Massachusetts Republicans Lose Two State Senate Seats in Special Elections

Printed from:

Republicans lost two Massachusetts Senate races Tuesday that had previously been held by the GOP, dropping the party’s number of seats to four out of 40.

In the Plymouth & Barnstable District, Bourne lawyer Jay McMahon, the Republican nominee, lost to Falmouth selectman Susan Moran, the Democrat, 55 to 45 percent.

In the Second Hampden and Hampshire District, John Cain, a Republican businessman from Southwick, lost to John Velis, a Democratic state representative from Westfield, 64 to 36 percent, according to

The Plymouth & Barnstable District had previously been held by Vinny deMacedo, a Plymouth Republican who resigned in November to take a job at Bridgewater State University.

The Second Hampden and Hampshire District had previously been held by Donald Humason, a Republican who resigned in January after being elected mayor of Westfield.

Gus Bickford, chairman of the Massachusetts Democratic Party, called the results “a bad night for Donald Trump” and “a sign of things to come in a few months,” referring to the general election in November.

Jim Lyons, chairman of the Massachusetts Republican Party, acknowledged that the special election losses sting, but he noted the unique circumstances amid the coronavirus emergency and said the party will press forward with a coherent message this fall.

“Disappointed,” Lyons said in a text message to New Boston Post, “… However, we are committed our plan to build this party from the ground up. This election was unlike any in history. We are looking forward to November. The differences of our message and the message of radical Democrats are stark. We will continue to promote the vision of America and the Republican Party, the message of freedom, individual liberty, personal responsibility, and a free enterprise system. We believe that our message will resonate with the voters of Massachusetts. This is a critical time in our history and the radical Democrats are committed to fundamentally change our country. We are committed to Keep America Great.”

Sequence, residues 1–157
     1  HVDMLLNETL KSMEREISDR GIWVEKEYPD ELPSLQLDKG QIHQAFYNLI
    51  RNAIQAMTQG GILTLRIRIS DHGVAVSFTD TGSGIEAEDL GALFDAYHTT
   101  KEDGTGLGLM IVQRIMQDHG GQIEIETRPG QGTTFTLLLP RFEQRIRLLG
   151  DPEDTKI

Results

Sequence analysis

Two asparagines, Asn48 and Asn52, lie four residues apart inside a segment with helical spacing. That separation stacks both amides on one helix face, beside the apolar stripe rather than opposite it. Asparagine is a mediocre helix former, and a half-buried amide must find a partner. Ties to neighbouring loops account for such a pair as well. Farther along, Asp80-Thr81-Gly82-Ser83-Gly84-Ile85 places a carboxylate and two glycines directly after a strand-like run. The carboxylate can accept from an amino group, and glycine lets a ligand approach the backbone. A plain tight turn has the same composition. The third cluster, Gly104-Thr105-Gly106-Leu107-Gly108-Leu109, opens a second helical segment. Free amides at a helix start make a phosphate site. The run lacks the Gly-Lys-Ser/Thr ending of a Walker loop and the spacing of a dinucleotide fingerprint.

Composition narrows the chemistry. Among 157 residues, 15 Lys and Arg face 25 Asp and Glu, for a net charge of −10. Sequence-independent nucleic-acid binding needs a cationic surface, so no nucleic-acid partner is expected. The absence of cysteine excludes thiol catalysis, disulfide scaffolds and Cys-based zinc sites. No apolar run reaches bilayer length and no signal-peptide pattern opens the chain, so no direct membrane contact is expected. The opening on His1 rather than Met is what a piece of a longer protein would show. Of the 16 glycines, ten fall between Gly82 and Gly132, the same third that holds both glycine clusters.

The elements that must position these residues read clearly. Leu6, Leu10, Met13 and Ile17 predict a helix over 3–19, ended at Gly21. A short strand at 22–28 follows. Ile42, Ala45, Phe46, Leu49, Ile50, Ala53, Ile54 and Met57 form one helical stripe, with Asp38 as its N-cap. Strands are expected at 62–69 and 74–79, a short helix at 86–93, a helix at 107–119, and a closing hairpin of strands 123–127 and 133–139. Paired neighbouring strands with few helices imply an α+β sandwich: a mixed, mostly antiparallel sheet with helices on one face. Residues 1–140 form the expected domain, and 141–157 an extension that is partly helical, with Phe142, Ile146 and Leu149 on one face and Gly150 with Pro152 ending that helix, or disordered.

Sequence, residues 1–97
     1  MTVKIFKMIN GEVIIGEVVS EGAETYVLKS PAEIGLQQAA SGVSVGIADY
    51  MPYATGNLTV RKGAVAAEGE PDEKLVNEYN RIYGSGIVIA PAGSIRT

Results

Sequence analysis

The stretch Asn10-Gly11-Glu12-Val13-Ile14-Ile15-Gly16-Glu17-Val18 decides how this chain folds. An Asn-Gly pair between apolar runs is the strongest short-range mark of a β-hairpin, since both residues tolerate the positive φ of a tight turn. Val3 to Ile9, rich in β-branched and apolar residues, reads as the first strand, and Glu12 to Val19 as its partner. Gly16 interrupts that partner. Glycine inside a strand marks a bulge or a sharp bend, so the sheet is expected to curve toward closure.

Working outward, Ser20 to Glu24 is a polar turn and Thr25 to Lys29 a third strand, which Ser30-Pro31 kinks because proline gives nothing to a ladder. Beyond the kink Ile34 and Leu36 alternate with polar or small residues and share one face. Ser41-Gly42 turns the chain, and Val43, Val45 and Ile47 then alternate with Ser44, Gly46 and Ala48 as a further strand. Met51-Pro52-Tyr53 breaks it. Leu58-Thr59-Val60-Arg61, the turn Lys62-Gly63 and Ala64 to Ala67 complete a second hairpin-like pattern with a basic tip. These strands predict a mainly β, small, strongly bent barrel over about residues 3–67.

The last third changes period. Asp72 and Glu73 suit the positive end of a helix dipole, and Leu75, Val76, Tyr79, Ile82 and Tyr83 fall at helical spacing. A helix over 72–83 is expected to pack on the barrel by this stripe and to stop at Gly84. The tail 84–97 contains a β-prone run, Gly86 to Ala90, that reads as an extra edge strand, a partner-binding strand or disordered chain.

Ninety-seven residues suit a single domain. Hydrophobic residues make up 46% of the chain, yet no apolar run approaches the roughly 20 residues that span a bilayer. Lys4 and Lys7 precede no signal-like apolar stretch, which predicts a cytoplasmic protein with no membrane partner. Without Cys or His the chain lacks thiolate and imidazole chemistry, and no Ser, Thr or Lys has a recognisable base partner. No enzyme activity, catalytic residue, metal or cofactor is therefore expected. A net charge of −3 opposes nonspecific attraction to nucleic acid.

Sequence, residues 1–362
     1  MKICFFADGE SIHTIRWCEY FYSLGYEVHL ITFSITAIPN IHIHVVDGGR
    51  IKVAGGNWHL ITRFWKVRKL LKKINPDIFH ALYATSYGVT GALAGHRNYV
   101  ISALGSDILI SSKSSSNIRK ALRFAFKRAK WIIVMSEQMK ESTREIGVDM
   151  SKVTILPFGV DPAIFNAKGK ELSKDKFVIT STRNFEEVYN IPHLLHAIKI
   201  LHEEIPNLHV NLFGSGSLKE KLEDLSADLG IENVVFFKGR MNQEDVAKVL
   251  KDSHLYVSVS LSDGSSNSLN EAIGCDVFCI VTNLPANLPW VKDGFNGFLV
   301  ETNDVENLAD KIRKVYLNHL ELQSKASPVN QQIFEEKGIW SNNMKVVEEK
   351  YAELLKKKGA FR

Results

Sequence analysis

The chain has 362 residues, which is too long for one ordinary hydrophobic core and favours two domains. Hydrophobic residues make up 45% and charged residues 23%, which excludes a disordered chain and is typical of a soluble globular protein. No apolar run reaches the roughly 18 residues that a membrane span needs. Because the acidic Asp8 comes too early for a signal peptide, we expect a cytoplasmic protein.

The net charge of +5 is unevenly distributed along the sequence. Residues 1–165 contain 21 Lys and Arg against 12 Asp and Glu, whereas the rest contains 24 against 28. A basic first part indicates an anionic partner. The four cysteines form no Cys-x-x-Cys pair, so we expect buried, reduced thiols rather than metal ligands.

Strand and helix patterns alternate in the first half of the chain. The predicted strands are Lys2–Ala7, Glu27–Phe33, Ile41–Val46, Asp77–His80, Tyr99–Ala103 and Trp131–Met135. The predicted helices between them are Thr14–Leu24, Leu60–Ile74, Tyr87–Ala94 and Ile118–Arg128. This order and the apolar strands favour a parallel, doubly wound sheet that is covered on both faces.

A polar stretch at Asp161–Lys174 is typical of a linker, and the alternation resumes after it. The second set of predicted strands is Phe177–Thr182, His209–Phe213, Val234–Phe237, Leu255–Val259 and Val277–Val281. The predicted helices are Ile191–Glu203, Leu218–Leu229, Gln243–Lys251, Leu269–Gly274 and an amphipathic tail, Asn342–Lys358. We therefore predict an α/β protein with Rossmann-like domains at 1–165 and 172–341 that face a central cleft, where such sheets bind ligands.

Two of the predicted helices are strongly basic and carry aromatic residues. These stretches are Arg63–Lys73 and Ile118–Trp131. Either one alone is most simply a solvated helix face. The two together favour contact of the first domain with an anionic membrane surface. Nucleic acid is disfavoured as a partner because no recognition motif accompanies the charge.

The Second Hampden & Hampshire District wasn’t close. Cain, the Republican, won the city of Agawam narrowly and also won the small towns of Granville. Montgomery, Russell, and Tolland, as well as his hometown of Southwick.

But Velis took Westfield, the largest municipality in the district, by nearly 2 ½ to 1, and also won by big margins in Holyoke and Easthampton.

The Plymouth & Barnstable District race was closer. Moran’s victory was fueled by a Proposition 2 1/2 override election in Falmouth, where she is a selectman.

McMahon won four of the six towns in the district (Plymouth, Bourne, Kingston, and Pembroke) and was competitive in Sandwich, which Moran won.

But Moran won Falmouth by a two-to-one margin. And it wasn’t just the percentage that beat McMahon. Falmouth drew 40 percent more voters than Plymouth (6,609 to 4,709) despite having about half Plymouth’s population (about 31,500 to about 60,800).

NARAL Pro-Choice Massachusetts congratulated Moran, seeing it as a victory for the abortion-expansion ROE Act bill in the state legislature.

Both special election races could see a rematch in November. Cain told he is planning to run again in the regular election cycle. McMahon has also already qualified for the Republican primary in September.